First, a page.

All posts by Procurious HQ

2016 Rewind – Should We Stop Using the Term ‘Strategic’ in Procurement?

Our first rewind article comes courtesy of a great panel discussion at ISM2016. The debate is likely to rage on all next year too – should procurement stop referring to itself as strategic?

No other profession puts the word ‘strategic’ on their business cards. Why do we do so in procurement?

 

A high-powered panel at ISM2016 drove a spirited debate about the use of the term ‘strategic’ in the profession. Chaired by Joe Sandor (Professor of Purchasing and Supply Management, Michigan State University), the panel included:

  • Hans Melotte (ISM Board Chairman, Senior Vice-President and CPO, Johnson & Johnson);
  • R. David Nelson (procurement veteran and Chairman, Dave Nelson Group);
  • Jeff Smith (Global Sourcing Director – Indirect at DuPont); and
  • Beverly Gaskin (Executive Director Global Purchasing, General Motors).

Actions Not Words

Actions speak louder than words. That’s the message from Hans Melotte, who argued that it’s unhelpful for the profession to continually emphasise how ‘strategic’ we want to be.

Overuse of the term dilutes the concept, especially when having a conversation with sceptical stakeholders. “Procurement needs to be strategic”, says Melotte, “rather than just talk strategic.”

Being strategic comes down to having the right people in procurement, who can talk the language of the business, define their value contributions in a way that resonates with stakeholders, are forward thinking, proactive, and focused on the future.

Historical Overuse

When did procurement start to use (and overuse) this term?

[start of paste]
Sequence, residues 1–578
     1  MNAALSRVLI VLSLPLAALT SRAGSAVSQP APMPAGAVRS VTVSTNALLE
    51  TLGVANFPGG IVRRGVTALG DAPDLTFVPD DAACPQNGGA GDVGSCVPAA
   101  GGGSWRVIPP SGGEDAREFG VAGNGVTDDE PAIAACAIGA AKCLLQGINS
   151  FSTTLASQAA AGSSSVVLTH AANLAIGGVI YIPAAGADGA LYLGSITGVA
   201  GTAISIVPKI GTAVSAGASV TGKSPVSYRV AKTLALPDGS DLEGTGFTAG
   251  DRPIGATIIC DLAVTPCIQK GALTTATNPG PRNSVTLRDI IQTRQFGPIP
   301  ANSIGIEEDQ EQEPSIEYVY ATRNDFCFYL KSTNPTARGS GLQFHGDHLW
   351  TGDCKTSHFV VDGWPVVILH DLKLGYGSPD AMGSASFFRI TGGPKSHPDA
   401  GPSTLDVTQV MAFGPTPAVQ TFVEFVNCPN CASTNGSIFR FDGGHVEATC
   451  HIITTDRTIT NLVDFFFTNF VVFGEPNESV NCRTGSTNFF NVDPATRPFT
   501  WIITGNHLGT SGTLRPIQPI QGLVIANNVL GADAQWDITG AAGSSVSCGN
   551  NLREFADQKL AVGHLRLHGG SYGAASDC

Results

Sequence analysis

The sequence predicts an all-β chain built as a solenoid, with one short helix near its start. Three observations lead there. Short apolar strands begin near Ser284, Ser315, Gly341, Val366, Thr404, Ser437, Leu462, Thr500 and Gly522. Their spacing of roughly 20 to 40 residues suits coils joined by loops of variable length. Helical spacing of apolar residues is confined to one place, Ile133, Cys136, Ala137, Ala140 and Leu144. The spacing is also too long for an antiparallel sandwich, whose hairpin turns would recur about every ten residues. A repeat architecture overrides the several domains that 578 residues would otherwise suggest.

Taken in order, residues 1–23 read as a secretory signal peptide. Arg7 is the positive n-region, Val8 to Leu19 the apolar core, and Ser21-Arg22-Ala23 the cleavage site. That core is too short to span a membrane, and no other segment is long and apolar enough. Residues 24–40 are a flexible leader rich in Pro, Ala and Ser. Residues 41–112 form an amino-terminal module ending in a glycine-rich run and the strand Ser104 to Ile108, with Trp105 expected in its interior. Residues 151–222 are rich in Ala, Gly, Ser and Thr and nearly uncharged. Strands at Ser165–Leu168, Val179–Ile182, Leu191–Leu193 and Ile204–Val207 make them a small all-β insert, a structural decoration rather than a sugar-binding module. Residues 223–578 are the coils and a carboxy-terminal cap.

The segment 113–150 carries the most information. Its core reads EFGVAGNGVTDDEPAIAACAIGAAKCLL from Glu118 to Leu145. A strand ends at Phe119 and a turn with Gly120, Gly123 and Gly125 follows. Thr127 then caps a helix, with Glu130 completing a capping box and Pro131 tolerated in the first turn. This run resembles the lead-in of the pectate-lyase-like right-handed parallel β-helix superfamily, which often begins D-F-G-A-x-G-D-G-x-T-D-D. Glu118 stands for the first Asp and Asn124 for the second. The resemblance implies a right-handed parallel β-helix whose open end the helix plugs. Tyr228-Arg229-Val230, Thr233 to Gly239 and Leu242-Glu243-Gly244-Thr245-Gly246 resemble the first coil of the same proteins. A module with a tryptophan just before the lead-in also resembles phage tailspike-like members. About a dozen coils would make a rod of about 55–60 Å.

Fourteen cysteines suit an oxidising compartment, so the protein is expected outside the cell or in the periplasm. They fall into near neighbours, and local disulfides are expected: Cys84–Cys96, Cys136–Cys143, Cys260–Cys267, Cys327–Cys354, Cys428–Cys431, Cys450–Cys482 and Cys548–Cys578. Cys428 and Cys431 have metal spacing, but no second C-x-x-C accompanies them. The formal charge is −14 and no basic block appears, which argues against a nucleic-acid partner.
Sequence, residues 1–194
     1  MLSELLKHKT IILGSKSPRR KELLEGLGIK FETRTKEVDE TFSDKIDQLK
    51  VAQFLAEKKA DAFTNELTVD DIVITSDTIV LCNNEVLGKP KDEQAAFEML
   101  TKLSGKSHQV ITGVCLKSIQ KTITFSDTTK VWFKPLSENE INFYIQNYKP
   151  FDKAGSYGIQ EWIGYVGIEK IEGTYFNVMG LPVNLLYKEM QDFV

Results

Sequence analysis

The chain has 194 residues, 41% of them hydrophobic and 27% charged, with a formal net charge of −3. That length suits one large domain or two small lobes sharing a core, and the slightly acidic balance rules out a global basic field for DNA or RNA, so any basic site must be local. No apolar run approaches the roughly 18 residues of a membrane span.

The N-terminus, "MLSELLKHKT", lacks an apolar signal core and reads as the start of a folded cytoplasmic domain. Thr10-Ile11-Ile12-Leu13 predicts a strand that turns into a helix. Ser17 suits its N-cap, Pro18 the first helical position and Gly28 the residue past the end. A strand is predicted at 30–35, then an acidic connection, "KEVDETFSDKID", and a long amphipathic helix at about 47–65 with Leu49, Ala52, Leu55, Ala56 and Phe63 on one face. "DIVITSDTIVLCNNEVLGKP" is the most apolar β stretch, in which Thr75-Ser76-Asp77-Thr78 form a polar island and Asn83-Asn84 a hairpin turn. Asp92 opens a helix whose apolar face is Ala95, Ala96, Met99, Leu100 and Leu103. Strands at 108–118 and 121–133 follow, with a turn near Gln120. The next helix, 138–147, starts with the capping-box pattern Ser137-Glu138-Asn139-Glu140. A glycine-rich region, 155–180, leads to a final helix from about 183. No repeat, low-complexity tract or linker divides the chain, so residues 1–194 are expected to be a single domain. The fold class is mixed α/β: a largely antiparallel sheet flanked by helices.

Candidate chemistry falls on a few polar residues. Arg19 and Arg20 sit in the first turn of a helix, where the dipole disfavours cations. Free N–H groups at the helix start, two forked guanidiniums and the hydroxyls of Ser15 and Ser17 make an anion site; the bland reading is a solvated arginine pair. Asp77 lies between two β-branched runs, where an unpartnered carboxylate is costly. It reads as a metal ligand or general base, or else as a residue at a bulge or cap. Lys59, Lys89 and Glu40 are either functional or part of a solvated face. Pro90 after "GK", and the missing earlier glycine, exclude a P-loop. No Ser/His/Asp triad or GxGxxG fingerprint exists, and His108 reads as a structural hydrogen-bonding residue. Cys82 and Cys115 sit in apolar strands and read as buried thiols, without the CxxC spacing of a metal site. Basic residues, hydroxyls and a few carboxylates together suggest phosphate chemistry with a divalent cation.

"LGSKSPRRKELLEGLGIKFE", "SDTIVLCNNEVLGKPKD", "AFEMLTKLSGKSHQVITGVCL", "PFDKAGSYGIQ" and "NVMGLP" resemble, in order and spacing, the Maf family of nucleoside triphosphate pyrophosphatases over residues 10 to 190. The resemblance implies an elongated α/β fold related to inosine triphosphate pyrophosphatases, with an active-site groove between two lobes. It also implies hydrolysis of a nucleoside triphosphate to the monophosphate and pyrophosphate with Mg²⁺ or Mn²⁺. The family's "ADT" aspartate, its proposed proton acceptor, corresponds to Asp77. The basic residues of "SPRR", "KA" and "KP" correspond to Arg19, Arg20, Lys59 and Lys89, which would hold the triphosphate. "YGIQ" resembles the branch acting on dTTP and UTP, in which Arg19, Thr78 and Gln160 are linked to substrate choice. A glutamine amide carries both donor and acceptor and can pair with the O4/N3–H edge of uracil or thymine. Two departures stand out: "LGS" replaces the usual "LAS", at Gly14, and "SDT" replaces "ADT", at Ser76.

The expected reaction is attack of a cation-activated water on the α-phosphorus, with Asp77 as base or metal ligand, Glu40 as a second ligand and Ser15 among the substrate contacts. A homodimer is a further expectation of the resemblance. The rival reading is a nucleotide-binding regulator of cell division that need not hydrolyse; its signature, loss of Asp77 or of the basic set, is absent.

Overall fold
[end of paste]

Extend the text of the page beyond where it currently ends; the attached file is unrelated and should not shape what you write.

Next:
R. David Nelson, who started out in an enormously different procurement landscape in 1957, has watched the profession grow from a back-office function to a highly-influential business partner.

As any modern professional knows, there are plenty of stakeholders who still remain unconvinced. It’s very possible that our constant repetition of the term was a somewhat ham-fisted attempt to convince these sceptics that we do indeed deserve a seat at the table.

Interestingly, none of the major organisations represented on the panel use the term any more. Hans Melotte explains: “At Johnson and Johnson we abandoned the use of this word, because you shouldn’t label yourself who you want to be – you should be who you are. The whole notion has passed its expiry date”.

Strategic is “Divisive Term”

The other problem with the term is that it’s divisive. By calling half the population “strategic”, you’re implying the other half of the function is non-strategic. This sends a negative signal throughout the organisation, and breeds resentment around job titles.

Beverley Gaskin agreed: “Strategic buying is like an oxymoron. If you’re doing anything in the buying field that isn’t strategic, you shouldn’t be doing it.”

Even the term “purchasing strategy”, says Gaskin, is misleading. “There’s no such thing as a purchasing strategy. There’s a company strategy and you have to understand your role in getting that done.”